Neglect by the development community. Rough mountain terrain, isolation, and low population density lead some to assume that development assistance is too expensive for too few beneficiaries. This thinking does not consider the co-benefits for lowlanders. More than half of humanity relies on freshwater that flows from mountain regions. There is therefore a clear incentive to ensure mountain ecosystems are well managed in order to secure the sustainable development of both highland and lowland people, agriculture and industry.

Moreover, The Mountain Institute and other groups have found cost-effective ways to build highland prosperity through unique and high-value products and services. These sustainable livelihoods projects include cultivating medicinal and aromatic plants and developing ecotourism, some with quite favorable returns on investment.

Why Should You Care?

The Sustainable Development Goals (SDGs), the successors to the Millennium Development Goals that guided development investments for the last 15 years, were developed under the principle that no one should be left behind. Mountain people are clearly one of those groups that have been neglected and need more attention from the global community. We should care about their fate for humanitarian reasons, for the intrinsic values of their ancient cultures and knowledge, but there are also self-serving arguments.

Water may be the most powerful. All of the world’s major rivers begin in mountains. Globally, about 17 percent of mountain lands are within protected areas, a common strategy to protect headwaters. However, much of the remaining 83 percent of the mountain land area is unprotected. Furthermore, these regions harbor an enormous stock of species and unique ecosystems. Twenty-five of the world’s 34 terrestrial biodiversity hotspots are in mountains.

There are self-serving reasons

To sustain the water sources upon which billions rely, and other invaluable natural assets, it is imperative that mountain environments are well managed by local communities. The stewardship of these residents affects us all. But how much can we expect from malnourished, hungry people in terms of protecting these natural assets?

If food insecurity in mountains continues – indeed, continues getting worse – while climate change pushes populations upward out of the lowlands, the result will be more and more pressure on already diminished natural systems. This, in turn, makes it harder for local communities to protect the fragile mountain environments upon which so many depend.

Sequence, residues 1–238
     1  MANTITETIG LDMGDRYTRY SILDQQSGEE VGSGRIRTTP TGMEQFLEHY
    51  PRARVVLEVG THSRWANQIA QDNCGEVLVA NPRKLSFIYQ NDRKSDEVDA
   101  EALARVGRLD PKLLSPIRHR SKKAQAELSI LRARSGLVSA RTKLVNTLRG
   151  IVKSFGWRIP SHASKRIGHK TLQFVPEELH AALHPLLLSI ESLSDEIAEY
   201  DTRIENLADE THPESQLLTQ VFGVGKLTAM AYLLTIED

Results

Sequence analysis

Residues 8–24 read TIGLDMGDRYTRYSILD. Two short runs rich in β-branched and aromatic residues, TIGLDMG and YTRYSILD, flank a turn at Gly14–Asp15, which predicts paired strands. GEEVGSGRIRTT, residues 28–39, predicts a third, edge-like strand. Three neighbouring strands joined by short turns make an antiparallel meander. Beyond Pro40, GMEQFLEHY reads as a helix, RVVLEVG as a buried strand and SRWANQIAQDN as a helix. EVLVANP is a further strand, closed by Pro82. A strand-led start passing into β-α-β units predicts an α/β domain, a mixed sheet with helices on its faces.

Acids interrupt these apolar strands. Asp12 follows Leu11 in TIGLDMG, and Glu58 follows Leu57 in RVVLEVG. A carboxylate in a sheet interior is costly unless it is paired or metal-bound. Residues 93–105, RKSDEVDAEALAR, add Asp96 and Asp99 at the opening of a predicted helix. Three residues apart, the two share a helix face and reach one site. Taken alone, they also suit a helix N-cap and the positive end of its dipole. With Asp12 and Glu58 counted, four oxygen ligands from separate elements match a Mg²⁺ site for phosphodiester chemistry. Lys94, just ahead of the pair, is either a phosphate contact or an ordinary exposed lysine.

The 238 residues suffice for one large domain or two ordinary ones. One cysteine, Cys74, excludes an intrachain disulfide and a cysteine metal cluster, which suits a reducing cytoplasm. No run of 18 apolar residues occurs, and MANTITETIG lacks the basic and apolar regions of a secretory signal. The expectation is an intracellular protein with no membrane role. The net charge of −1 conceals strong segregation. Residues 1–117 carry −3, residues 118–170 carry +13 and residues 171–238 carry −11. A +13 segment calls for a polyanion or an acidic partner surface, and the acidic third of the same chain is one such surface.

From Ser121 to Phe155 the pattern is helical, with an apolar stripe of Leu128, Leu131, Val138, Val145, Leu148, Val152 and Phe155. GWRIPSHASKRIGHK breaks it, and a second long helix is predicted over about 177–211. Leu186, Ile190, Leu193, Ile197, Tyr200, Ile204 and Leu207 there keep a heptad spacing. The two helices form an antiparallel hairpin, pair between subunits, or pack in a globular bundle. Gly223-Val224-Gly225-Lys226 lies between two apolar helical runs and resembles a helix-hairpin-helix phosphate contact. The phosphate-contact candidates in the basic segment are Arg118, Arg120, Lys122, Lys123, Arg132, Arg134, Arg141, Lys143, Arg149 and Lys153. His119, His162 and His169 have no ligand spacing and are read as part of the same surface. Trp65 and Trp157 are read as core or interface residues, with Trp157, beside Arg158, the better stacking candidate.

There is also a security argument. In addition to being home to millions of poor and hungry people – often hailing from marginalized ethnic minorities – mountains are frequently at the nexus of international borderlands and valuable natural resources.

A high proportion of the world’s internal conflicts and wars are associated with mountainous regions. Think Afghanistan, Pakistan, Kashmir, Tibet, Sinkiang, the Caucasus, the Balkans, Yemen, Rwanda, Mexico, Colombia. Many recent social conflicts in the Andes are related to access and control over mountain water involving rural communities and mining companies. One of this year’s Goldman prizes for environmental activism went to a highland recipient in Peru.

What Now? Mountain Equity

During negotiations in 2015 to finalize the SDGs, efforts were unsuccessful to include a specific mountain target for SDG 2 – to end hunger, achieve food security, improve nutrition, and promote sustainable agriculture. Had FAO’s vulnerability study been available, perhaps the results would have been different.

When Hofer presented the report in New York in May, there was a call for consideration of mountain issues across the SDGs. At present, mountains are specifically mentioned in only two. In my view, without broader attention to mountain needs and context, many of the SDGs will not be met by 2030.

We have seen growing attention in sustainable development circles to social and gender equity. Perhaps now it is time to add mountain equity to the equation to bring focused attention to the needs of marginalized communities and environments at higher altitudes.

At the very least, when considering investment, capacity building, policy, and research for sustainable development at national and global levels, mountains must be addressed separately and specifically to ensure adequate coverage.

Without such attention, mountain communities will continue to harbor poverty and hunger amid ever-worsening conditions. Mountain people and environments are clearly at risk of being left behind with grave costs for everyone.

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Biodiversity & Livelihoods